June 27, 2019
Last week’s report from the IFS detailing the ongoing rise in the numbers of working poor in the UK highlights just how dysfunctional work can be in the modern era. While depictions of work in the media tend to consist of diverse Millennials clustering around a single laptop in the sun-dappled offices of tech firms, or chilling on the Chesterfield in a coworking space, the reality for many people is somewhat different.
They commute to work each day into blue-grey, poorly-lit offices, in which the Millennials are mixed with an actual diversity of older people, and at the end of each month may or may not have enough money to cover their bills.
Coincidentally, this is the world of endless moaning about open plan office design, which overlooks the fact that for all its issues, it is better than being cooped up in cells away from other people.
The endless moaning about open plan office design overlooks the fact that for all its issues, it is better than being cooped up in cells
Some people don’t even work in offices at all, or at least not as often as they’d like. Some work in genuinely hellish jobs, such as the moderators at Facebook whose work is something that you wouldn’t want to do and almost certainly something you’re better off not even reading about.
Many of the challenges of the mundane world of work are set out most famously in David Graeber’s book Bullshit Jobs and equally famously addressed in Rutger Bregman’s book Utopia for Realists which sets out the case for a Universal Basic Income and shorter working week so compellingly that even Rupert Murdoch was spotted on holiday reading it.
Nevertheless, doubts remain about both the wisdom and practicality of implementing the ideas the book suggests. It is still Utopia, realistic or not. Will Hutton sets out an important critique in his review of the book but evidence for the unintended consequences and complexities of UBI are most evident from its actual outcomes, such as the recent experiment in Finland which found that it increased individual wellbeing (a point not to be underestimated) but didn’t incentivise people to find work.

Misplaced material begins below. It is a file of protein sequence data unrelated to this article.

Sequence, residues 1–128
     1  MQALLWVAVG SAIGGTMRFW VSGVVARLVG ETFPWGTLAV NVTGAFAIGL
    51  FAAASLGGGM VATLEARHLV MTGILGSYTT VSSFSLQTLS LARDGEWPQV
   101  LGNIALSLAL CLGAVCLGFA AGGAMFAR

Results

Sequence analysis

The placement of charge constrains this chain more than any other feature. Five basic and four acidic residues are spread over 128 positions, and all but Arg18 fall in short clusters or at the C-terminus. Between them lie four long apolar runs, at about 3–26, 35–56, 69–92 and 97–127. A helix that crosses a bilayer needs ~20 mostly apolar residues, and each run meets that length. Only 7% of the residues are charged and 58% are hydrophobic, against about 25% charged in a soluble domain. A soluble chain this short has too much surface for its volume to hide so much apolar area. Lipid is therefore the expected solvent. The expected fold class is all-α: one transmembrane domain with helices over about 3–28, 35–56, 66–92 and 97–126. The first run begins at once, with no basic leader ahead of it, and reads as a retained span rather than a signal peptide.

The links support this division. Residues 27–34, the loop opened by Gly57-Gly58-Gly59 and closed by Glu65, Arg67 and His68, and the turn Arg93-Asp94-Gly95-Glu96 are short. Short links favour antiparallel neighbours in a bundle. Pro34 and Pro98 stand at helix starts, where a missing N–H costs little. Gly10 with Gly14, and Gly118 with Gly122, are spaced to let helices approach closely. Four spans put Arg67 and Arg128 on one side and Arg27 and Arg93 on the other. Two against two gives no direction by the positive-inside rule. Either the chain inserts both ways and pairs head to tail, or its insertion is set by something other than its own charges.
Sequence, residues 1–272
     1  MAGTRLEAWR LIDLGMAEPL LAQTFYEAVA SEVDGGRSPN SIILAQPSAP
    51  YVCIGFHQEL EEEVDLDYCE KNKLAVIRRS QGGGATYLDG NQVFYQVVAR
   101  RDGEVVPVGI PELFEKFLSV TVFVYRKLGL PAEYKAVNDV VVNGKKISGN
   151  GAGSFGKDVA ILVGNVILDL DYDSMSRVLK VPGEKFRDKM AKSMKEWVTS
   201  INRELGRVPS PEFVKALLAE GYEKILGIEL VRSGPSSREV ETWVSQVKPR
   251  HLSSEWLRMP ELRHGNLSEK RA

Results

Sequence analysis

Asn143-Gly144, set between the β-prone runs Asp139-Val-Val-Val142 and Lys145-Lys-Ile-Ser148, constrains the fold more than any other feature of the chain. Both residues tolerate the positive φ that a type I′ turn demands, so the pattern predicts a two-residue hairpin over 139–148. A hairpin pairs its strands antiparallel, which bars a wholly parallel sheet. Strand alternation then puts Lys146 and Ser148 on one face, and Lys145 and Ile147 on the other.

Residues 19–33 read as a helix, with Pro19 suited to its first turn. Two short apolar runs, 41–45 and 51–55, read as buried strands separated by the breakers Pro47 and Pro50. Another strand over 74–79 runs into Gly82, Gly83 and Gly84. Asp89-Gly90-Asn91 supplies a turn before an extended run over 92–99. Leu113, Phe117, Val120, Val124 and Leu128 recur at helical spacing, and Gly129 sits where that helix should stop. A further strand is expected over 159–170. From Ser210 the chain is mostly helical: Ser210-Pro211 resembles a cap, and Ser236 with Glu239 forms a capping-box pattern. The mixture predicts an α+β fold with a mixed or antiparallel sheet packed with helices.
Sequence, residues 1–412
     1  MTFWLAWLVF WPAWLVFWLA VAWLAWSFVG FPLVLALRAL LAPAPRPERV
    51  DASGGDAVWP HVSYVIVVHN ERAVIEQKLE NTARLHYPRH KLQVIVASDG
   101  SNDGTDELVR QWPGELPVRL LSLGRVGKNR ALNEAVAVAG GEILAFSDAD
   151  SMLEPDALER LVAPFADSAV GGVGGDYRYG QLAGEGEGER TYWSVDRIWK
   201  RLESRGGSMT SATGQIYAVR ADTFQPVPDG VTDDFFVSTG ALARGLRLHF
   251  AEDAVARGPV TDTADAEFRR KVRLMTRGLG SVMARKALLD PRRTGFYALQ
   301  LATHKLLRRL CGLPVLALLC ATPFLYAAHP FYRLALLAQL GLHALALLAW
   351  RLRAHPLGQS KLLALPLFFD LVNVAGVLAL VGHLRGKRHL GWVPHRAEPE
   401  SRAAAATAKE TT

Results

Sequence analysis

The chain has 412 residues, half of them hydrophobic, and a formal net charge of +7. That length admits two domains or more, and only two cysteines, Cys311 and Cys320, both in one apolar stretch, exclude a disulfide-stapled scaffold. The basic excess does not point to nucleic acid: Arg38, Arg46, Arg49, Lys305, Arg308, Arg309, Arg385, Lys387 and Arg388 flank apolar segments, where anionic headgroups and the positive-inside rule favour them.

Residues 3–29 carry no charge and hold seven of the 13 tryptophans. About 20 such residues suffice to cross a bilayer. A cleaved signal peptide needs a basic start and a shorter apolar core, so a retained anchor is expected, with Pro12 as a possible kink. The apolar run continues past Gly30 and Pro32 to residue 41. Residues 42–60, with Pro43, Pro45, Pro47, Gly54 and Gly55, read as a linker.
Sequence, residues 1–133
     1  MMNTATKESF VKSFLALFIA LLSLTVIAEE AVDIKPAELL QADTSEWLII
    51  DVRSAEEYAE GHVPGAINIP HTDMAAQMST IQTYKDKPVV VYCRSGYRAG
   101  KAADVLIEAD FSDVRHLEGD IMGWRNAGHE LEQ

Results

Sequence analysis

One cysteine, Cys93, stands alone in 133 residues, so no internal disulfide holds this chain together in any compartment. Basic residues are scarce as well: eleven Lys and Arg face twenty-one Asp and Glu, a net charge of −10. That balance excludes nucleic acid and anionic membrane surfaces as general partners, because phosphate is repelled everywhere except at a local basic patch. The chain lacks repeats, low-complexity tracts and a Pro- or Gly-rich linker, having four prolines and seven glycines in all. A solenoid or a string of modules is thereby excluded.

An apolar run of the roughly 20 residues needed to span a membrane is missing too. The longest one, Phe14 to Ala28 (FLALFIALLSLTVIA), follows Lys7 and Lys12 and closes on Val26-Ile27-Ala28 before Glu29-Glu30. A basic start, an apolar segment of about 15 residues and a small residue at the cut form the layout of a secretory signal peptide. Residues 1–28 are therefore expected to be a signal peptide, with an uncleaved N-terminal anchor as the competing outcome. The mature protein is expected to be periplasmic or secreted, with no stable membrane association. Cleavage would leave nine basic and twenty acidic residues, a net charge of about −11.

What is clear from the still-forming debate is that there is something seriously wrong with the way we work. The most common criticism is that we work too much with no discernible signs of increased productivity or pay alongside plenty of evidence it is doing us a great deal of harm and might even kill us.
This is not just about the length of time we spend at work but the amount of time we spend as tenders of machines
The solution to this is often claimed to be working fewer hours. There’s something in this but it remains predicated on the anachronistic idea of a working week. We now receive near daily press announcements from (smaller) firms about how they’ve moved to a four-day working week. I am left to ponder whether this merely means that people are not in the office on Fridays.
Given the modern propensity to work while on holiday and the move towards more instant and pervasive means of communication than email, it seems unlikely that people will take Fridays off completely. I rather suspect they don’t take it off at all, although they might be out for a walk with the kids or in the pub sooner than they might have been. And that’s fine.
This is not just about the length of time we spend at work but the amount of time we spend as tenders of machines, a fact of everyday working life predicted by Isaac Asimov way back in 1964. This brings it own problems, including the possibility that our own obsolescence will run in parallel with that of the machines we tend.
We need to do something about this but the solution will involve a fundamental reappraisal of the meaning and purpose of work. As with the debate about what we do about the environment, we are running out of time to do this and we must be prepared to take some very difficult decisions about our lives right now.
This discussion is not only constrained by time but also by distorted narratives. We need to be aware not only of how little time we have to address the issue, but also our acceptance of ideas that are not true but have been laundered by constant repetition. We need to have an eye on the time and also a sceptical eye for the accepted ideas with which we are presented.
Mark is the publisher of Workplace Insight, IN magazine, Works magazine and is the European Director of Work&Place journal. He has worked in the office design and management sector for over thirty years as a journalist, marketing professional, editor and consultant.